What if I said you could add 15 developers to your team, and it wouldn’t cost you anything?
Hi, I’m Peter Nichol, Data Science CIO.
Today we’re going to talk about citizen development. Most of our days are spent trying to put out fires and rationalizing rogue applications developed outside of standard IT governance and protocols.
As fun as that can be, what if there was a way that we could enable our users to drive data-science initiatives? Historically, we talked about power users or evangelists when resources were low and business partners demanded that they develop business-intelligence reports. Our goal at the time was to enable our business partners to be more effective and self-sufficient.
The idea behind citizen development is to provide your business partners with capabilities to function independently and in parallel with IT. The theory is to introduce business users to low-code or no-code environments. Through this process, we can accelerate development and lower the barrier to entry to develop data insights. As it turns out, 25% of citizen developers have no coding background at all. Typically, almost 70% are able to build applications that are functional in less than three months. Not bad for nearly zero coding experience.
What does this mean to you? You already have resources at your disposal in your company that are idle. These resources are dormant; they need to be discovered and activated. Using this approach, if we can inspire and activate those individuals, we increase our resource capacity. We now have additional resources to which we previously didn’t have access to leverage, and the cost is nearly zero dollars to do this—the kicker.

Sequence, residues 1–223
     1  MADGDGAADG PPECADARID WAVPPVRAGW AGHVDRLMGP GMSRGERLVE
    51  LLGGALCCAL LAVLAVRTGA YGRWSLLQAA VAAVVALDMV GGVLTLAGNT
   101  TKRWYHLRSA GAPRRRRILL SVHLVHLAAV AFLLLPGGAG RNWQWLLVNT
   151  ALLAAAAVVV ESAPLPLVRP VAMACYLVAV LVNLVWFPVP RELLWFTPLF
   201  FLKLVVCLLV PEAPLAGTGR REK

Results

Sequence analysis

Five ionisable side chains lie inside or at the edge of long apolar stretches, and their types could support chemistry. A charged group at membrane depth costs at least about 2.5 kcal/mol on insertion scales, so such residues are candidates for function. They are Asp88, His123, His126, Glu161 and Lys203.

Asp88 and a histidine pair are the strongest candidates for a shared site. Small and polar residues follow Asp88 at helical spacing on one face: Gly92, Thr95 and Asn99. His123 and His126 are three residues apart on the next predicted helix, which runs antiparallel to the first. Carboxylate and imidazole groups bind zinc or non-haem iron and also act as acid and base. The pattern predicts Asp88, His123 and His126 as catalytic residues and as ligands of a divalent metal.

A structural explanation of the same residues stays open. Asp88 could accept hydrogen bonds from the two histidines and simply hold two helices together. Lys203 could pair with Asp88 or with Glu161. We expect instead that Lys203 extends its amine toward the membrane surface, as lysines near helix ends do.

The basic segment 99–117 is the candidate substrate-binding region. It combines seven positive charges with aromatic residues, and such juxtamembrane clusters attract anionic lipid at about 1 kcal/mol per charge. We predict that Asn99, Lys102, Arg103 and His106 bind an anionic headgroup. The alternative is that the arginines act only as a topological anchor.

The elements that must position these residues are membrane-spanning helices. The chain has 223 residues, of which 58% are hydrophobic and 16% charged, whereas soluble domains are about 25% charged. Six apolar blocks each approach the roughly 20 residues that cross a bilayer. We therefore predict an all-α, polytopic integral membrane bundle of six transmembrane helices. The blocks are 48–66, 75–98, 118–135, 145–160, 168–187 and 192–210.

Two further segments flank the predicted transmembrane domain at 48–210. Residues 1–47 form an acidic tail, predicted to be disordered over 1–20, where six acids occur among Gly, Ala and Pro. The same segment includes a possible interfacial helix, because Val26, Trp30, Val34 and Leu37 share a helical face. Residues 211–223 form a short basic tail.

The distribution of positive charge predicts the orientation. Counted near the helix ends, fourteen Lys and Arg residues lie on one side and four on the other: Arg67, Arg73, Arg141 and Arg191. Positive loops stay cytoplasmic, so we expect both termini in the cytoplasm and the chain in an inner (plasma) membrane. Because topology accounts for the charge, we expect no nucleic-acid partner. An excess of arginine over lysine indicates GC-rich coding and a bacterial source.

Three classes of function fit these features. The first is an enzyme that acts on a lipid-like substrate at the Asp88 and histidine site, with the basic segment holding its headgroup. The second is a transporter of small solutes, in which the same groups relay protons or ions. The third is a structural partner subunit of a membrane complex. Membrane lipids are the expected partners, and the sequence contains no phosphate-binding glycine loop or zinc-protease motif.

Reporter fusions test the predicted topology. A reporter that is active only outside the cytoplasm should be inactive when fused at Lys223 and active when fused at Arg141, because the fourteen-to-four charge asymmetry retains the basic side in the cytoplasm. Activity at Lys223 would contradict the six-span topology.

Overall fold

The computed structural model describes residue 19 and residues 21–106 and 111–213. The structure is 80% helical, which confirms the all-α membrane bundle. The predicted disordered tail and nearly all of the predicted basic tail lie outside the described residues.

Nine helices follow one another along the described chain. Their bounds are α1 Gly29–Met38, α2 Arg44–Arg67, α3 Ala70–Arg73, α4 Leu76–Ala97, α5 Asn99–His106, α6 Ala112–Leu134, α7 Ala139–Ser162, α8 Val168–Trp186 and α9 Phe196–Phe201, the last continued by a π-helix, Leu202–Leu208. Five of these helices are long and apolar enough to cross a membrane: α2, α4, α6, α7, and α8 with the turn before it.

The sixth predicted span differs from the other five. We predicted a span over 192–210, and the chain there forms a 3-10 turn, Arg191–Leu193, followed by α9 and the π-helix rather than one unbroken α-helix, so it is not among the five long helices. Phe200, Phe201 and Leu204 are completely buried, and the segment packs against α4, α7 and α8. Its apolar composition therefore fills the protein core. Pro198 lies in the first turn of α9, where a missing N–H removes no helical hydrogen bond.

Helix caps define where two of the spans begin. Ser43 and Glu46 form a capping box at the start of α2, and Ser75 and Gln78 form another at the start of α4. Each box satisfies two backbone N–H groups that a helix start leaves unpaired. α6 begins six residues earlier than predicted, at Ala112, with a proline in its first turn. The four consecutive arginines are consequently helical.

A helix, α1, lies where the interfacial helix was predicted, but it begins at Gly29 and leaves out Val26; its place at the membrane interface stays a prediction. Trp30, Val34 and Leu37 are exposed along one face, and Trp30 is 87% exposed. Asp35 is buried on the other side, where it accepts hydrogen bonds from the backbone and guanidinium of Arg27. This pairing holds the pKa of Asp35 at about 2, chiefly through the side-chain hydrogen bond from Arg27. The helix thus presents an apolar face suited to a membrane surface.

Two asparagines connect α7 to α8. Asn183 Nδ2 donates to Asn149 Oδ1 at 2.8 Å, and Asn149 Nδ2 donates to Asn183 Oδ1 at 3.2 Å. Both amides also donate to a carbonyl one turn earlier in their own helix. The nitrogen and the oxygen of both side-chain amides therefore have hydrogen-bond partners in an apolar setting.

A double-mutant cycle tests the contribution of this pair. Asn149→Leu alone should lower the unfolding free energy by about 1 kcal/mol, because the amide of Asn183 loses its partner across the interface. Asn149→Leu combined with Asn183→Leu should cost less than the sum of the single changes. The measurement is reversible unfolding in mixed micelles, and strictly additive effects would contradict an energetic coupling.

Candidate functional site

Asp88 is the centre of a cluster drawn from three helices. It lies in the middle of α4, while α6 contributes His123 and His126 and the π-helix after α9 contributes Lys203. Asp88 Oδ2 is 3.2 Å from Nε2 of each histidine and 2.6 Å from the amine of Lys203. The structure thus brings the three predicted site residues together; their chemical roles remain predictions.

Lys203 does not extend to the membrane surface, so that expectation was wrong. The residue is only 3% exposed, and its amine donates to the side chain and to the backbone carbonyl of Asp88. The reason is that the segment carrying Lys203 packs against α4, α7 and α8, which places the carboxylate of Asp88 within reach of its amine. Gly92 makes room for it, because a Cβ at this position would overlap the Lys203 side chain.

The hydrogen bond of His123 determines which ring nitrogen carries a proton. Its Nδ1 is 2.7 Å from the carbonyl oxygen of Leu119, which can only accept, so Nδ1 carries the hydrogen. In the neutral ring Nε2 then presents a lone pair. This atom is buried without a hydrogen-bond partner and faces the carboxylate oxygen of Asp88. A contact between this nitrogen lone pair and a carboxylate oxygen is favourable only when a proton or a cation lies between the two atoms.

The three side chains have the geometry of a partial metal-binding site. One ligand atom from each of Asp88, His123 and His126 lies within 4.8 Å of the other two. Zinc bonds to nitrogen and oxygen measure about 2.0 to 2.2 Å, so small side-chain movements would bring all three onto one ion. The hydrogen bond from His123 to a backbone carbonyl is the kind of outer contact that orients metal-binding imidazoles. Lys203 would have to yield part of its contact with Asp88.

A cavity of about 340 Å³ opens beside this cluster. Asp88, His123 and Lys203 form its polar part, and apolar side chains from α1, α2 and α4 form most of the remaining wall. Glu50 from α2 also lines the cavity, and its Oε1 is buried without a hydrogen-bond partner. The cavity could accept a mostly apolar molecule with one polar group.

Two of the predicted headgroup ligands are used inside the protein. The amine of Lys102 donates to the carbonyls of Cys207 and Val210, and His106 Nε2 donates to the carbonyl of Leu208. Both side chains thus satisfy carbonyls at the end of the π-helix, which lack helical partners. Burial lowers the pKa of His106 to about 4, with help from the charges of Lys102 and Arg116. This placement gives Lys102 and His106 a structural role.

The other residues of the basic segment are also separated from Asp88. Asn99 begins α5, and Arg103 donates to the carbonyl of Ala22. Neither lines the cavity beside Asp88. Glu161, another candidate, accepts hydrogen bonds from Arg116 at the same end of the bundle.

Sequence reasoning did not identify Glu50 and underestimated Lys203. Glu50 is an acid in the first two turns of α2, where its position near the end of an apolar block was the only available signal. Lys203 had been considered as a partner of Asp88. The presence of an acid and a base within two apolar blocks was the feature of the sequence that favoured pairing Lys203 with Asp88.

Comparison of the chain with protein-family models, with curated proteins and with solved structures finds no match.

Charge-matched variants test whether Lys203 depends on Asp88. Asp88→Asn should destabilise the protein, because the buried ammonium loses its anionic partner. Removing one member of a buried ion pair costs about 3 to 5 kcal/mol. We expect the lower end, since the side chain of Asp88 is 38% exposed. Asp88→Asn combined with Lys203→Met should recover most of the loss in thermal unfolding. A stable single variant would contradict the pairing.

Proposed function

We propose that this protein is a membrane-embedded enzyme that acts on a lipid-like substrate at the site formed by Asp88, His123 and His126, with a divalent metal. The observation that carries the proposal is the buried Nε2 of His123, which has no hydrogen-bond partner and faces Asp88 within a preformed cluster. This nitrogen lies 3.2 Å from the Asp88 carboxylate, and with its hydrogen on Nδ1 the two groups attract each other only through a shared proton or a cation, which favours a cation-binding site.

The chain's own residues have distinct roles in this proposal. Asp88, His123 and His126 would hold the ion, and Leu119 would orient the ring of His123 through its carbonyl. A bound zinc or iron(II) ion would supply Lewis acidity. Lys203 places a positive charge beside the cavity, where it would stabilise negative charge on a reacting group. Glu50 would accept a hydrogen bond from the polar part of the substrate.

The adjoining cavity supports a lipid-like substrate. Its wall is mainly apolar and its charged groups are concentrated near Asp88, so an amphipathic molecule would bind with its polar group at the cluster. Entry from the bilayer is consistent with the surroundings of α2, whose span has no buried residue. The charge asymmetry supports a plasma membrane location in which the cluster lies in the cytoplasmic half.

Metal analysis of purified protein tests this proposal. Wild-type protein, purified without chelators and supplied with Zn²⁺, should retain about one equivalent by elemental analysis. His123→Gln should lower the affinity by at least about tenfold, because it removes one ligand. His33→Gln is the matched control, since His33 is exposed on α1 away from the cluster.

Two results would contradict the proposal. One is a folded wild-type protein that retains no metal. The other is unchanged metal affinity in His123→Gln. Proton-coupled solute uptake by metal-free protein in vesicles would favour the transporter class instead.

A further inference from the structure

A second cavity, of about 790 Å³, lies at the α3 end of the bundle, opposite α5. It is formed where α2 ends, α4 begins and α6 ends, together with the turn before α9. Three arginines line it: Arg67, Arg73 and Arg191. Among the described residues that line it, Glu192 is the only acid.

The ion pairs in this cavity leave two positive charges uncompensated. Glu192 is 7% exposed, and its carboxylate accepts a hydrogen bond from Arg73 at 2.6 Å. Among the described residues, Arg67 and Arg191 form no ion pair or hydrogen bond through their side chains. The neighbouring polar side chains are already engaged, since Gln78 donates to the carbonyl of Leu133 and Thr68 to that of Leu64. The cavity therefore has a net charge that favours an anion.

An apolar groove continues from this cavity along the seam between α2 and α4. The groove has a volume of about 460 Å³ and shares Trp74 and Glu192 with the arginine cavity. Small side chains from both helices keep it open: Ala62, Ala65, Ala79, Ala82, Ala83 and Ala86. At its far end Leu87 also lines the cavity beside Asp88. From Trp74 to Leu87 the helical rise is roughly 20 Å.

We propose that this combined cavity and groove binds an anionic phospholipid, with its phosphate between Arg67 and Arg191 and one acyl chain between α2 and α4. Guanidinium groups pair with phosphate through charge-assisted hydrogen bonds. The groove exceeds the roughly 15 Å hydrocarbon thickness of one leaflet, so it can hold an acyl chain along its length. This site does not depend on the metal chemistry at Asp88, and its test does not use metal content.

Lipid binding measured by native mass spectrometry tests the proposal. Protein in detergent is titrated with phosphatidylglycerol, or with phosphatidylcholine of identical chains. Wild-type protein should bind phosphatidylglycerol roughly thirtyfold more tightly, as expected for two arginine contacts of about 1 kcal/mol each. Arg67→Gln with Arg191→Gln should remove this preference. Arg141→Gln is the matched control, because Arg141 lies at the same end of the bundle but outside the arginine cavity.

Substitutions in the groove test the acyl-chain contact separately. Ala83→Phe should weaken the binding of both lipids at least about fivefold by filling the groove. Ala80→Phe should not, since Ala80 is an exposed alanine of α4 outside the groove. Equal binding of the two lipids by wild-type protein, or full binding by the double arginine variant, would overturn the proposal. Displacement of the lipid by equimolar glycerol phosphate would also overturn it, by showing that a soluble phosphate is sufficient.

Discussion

The theory is that by focusing on different types of IDEs or development environments, we can enable these resources to do their development and build their applications. IDE environments like BlueJ, Eclipse, AWS Cloud 9, Code Blocks, and several other tools exist to provide business partners with capabilities and functionalities to develop their applications seamlessly.
It sounds like business users can now create anything they want. They can—with only one minor exception. Once those applications are developed, they must be run through a conventional IT governance process for compliance, security, and enterprise-standards adherence. Instead of business partners bringing in their own IT teams to do things better, faster, and cheaper, they converge with internal IT teams. Business partners no longer work on rogue IT initiatives that were developed in isolation. We’re collaborating as one team. We’re starting to converge.
The added benefit for business partners is getting trained on IT’s obstacles while working hard to deliver our organization’s functionality. Convergence is the whole point of citizen development. It allows our business leaders to experiment and accelerate as fast as possible on their own with guard rails. This provides different value opportunities and inspires leaders to develop and build functionality to support our business operations.
Does your department have a backlog of issues that have been requested over the last, say, six or nine months? Your team has a limited number of developers, data analysts, data scientists, and capable programmers. Your capacity isn’t infinite, yet the demand for new requests seems almost endless. By leveraging citizen development, we now have tools and techniques to help burn down that backlog and converge as one unified team.
Hi, I’m Peter Nichol, Data Science CIO. Have a great day!